Plaintiff contends that the Defendant, Hutton, waived its right to arbitration by conducting discovery in preparation for trial and waiting more than two years after the Supreme Court's decision in McMahon before requesting that the case be referred to arbitration. Following an administrative closure, this case was reactivated by Order of the Court dated September 29, 1987, approximately four months after the McMahon decision was rendered.2 According to Plaintiff's memorandum in opposition to Defendants' motions, Hutton deposed the Plaintiff on November 17, 1987, and on January 28, 1988, and also responded to a request for production of documents by Plaintiff in January, 1989. Plaintiff also states that as of the date of his response, Plaintiff had recently submitted to all Defendants a third and fourth set of interrogatories and a third request for production of documents, and that both Hutton and the Plaintiff had scheduled depositions of the parties to this action for the month of July, 1989. The Court further notes that the discovery completion date of August 1, pre-trial conference date of August 24, and trial date of September 4, 11, or 18, 1989, were set in its Order dated November 20, 1988. Yet Defendant's motion to refer this action to arbitration was not filed until June 14, 1989.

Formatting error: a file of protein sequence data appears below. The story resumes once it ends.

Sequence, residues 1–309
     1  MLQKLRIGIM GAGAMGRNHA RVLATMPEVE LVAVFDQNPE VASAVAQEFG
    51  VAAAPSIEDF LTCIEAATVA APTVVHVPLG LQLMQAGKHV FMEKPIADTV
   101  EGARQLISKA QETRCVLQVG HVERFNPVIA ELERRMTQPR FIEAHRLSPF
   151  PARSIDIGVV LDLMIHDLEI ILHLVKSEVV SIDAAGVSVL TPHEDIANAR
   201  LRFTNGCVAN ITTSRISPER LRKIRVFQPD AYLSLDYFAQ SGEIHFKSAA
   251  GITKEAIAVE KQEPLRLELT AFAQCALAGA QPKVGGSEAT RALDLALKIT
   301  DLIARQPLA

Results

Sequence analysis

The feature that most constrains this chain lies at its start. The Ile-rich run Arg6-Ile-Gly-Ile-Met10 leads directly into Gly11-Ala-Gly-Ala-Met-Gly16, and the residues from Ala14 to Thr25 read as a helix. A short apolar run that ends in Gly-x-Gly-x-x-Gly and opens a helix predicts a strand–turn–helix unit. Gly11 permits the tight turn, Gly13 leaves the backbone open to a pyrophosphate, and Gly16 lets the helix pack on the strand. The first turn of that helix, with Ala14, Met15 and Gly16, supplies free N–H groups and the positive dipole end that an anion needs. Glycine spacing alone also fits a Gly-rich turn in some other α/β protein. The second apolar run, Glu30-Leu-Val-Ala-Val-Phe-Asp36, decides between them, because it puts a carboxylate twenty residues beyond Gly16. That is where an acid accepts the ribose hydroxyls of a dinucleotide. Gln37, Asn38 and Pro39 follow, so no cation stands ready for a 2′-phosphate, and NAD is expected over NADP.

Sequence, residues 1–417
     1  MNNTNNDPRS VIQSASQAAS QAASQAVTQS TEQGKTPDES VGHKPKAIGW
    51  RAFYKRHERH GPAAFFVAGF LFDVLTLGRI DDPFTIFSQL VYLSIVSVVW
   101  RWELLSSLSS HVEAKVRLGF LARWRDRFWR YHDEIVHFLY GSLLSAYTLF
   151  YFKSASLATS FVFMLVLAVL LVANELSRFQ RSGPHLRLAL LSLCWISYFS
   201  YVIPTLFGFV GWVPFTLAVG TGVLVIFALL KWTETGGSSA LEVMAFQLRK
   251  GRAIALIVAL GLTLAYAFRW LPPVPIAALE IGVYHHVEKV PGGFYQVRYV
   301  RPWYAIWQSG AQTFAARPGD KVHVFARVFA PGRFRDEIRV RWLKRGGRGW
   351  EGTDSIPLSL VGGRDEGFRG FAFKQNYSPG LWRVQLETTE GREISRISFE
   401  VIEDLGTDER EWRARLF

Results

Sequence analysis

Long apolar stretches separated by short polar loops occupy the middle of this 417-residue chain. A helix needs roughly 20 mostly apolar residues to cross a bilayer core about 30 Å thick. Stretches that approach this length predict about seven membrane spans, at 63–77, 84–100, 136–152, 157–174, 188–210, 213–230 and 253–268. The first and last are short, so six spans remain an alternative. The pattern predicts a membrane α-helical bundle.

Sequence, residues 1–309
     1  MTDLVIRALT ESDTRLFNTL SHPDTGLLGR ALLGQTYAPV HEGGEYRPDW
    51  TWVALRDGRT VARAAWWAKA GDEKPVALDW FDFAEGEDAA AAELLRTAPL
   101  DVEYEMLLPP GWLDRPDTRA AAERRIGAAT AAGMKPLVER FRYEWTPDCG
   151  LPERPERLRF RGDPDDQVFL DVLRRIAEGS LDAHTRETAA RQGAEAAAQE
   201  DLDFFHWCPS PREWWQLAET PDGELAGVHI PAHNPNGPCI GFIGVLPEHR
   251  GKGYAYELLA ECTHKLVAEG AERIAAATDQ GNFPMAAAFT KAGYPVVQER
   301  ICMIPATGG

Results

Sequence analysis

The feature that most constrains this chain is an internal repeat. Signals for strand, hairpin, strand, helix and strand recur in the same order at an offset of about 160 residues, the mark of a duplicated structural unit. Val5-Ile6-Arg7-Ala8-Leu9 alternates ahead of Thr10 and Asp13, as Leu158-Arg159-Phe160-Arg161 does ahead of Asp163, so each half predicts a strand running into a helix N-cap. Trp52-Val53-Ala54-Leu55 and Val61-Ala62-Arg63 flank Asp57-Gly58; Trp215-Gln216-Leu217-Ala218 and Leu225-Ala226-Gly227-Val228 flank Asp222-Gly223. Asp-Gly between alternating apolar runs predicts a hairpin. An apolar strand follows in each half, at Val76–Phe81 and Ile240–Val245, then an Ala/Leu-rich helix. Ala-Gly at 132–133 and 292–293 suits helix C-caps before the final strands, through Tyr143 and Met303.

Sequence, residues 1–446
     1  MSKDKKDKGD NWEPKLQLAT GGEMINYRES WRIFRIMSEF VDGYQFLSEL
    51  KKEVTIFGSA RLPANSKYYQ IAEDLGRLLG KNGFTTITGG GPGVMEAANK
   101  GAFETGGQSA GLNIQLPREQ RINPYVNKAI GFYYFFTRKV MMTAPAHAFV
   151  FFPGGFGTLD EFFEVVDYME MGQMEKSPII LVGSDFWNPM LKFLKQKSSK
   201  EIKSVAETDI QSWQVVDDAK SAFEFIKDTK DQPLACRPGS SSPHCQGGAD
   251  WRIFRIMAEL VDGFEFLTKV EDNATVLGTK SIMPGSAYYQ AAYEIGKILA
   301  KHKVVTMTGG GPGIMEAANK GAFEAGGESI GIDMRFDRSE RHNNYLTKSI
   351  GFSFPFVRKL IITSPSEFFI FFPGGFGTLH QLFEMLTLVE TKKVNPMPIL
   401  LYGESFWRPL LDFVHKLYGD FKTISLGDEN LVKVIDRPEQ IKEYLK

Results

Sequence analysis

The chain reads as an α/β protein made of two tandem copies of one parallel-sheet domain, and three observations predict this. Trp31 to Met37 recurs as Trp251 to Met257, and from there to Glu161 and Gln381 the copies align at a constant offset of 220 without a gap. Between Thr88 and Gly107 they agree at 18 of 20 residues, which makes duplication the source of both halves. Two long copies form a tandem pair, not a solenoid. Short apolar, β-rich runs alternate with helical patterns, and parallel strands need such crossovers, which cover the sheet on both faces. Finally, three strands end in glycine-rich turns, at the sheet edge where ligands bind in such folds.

In Benoay v. Prudential-Bache Securities, Inc., 805 F.2d 1437 (11th Cir.1986), the court stated that mere participation in discovery does not cause prejudice sufficient to constitute a waiver where the request for arbitration was timely. In Benoay, the court held that since the request for arbitration was made only ten weeks after the right to seek arbitration had accrued, the request was timely and that no waiver had occurred.